To anyone who regularly stepped on an airplane in the 1990's, the next statement won't come as any surprise: Flying is no fun, anymore. There.
Between Santiago de Chile, Germany, England and the Czech Republic, I've had a pretty airborne summer. Of the thirteen flights I've taken since May 22nd, eight were delayed, some of those causing me to miss connecting flights. Thinking back to the halcyon days of the early to mid-1990's when I flew almost exclusively Business and First Class, I can't remember so many planes taking off late, or maybe I just didn't care, sipping on a G&T in a real glass in the Senator Lounge with a Dunhill between my lips. Now I don't smoke anymore and the increased democratisation of air travel has led to scores of frequent flyers with grimy trilby hats and carry-on live chickens in cages, all of which has led me to believe that flying is now a mug's game. I've already written about the comatose Swiss in and around Zurich Airport but let me recount what happened earlier this week when I was scheduled to fly to Leipzig to give a private concert for a luxury car manufacturer.
My concert was due to start at 8.30pm in the Presidential Suite of a new, five-star hotel in the centre of Leipzig. I booked a flight out of Toulouse which would, after a change in Frankfurt, plunk me down on the outskirts of J.S. Bach's home town at 2pm, leaving me six full hours to rest, have a trip to the spa, practise and generally prepare for what was not an insignificant appearance. I checked in online the day before and got to Toulouse Airport early, just to be on the safe side. The first thing I saw was that our flight was delayed a full hour, endangering my connection in Frankfurt. The girl on the desk informed me that there was no problem, as the connection was also delayed. OK, I though, getting to Leipzig at 3pm instead of 2pm is no big deal. All flights out of Frankfurt were apparently delayed that day. Were they f***.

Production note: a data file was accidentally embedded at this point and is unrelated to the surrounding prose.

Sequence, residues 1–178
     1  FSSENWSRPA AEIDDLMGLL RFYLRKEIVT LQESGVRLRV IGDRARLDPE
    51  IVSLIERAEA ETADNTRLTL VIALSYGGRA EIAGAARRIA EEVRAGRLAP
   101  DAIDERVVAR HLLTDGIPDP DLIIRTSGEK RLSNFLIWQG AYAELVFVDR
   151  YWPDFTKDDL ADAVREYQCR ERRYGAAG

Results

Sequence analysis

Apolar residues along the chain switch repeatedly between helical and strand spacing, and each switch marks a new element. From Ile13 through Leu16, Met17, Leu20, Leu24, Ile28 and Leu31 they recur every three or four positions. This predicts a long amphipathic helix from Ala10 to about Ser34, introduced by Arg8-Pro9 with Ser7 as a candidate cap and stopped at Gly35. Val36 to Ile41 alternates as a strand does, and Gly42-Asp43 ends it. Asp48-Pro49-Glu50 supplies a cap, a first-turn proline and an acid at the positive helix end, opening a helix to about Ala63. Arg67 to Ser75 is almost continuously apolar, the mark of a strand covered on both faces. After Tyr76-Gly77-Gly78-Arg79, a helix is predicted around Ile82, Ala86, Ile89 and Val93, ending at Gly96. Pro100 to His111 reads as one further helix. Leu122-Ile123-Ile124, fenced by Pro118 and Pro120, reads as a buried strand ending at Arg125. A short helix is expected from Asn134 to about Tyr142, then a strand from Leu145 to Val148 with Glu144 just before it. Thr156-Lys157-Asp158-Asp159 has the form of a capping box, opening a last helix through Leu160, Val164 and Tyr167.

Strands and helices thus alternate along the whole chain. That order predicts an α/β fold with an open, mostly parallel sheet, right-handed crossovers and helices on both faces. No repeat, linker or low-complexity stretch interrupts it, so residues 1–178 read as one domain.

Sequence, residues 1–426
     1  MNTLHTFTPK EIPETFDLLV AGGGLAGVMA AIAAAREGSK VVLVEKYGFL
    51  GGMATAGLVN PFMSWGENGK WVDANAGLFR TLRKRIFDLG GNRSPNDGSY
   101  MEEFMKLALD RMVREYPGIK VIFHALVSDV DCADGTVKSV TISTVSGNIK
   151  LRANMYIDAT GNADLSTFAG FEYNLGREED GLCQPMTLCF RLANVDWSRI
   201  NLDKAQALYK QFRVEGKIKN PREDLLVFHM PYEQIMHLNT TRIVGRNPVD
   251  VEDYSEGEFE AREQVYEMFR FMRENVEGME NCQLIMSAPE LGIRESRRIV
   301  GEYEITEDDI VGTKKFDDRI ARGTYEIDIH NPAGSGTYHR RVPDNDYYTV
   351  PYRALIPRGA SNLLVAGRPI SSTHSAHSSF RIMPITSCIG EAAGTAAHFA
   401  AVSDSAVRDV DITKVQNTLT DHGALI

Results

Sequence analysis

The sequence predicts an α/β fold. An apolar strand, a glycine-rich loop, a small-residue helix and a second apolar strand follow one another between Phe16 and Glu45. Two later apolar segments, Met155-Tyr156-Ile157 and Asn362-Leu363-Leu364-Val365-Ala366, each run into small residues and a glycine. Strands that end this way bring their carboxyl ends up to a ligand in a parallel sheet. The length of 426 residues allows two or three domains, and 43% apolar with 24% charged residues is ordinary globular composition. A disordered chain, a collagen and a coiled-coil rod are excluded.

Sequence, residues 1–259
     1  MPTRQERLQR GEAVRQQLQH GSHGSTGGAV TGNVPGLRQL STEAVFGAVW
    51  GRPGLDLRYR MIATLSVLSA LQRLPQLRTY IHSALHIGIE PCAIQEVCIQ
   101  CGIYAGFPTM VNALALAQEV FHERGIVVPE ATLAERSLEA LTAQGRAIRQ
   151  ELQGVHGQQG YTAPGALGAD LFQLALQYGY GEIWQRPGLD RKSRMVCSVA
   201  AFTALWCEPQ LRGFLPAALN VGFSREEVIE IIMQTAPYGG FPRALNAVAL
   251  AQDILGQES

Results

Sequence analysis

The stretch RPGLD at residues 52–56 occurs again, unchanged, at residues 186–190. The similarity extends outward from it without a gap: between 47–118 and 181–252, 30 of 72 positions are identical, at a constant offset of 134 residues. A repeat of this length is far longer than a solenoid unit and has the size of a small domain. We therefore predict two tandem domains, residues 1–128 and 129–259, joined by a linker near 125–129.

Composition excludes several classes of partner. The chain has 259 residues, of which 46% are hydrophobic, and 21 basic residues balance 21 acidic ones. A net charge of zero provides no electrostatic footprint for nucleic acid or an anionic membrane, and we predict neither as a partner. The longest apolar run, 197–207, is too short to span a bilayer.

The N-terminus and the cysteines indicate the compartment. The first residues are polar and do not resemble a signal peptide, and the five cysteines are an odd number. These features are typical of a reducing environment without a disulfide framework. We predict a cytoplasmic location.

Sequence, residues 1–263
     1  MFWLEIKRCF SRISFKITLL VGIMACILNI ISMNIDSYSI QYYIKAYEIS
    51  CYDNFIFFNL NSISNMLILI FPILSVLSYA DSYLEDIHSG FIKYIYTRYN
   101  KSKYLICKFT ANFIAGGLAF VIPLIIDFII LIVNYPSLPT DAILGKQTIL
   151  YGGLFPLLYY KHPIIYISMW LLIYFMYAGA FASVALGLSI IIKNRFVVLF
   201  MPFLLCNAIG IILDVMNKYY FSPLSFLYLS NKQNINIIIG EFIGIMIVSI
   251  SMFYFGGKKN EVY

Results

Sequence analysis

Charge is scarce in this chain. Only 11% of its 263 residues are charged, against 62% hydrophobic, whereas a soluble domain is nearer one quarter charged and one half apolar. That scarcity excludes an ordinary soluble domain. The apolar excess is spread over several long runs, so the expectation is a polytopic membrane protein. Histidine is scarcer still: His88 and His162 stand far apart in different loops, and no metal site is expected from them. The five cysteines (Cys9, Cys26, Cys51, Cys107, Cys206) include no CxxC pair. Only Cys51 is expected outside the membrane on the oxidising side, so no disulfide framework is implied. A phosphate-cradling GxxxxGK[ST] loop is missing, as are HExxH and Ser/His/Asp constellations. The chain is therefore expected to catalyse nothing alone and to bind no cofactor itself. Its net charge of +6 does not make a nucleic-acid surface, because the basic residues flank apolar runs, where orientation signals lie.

We landed in Frankfurt at 1pm, the time my connection was meant to be leaving, and, in the absence of any kind of information board whatsoever, I legged it to Terminal A, only to find the flight Frankfurt-Leipzig had just left, presumably the only flight leaving on time from Frankfurt that day. The next was at 5.15pm. If all went well, I'd be at the hotel two hours before curtain up. Faced with four hours to kill in the land that time and taste forgot, I set off to find a sushi bar. The Japanese noodle bar, Mouschmousch, is actually pretty good, more enjoyable if you've decided there's nothing you can do about your fate and just accept your karma that day. Needless to say, the 5.15pm to Leipzig was also delayed and I ended up landing in Saxony at 7pm, arriving at the hotel a mere hour before the recital was due to begin, still needing to have a quick rehearsal with the singer, sit down for a few minutes' rest and get changed. I was so tired and concentrated when the concert began that I played liked a God, even if I say it myself. When you know there'll be no safety net if you lose concentration you force yourself to go that extra mile during the real thing. The audience benefits, believe me. My one regret was not having the time to check out everything the hotel had to offer, so I had to make do with salivating over the broschure on the flights back, which, needless to say when you have no pressure on time and no appointment to catch at your destination, all left and arrived on schedule.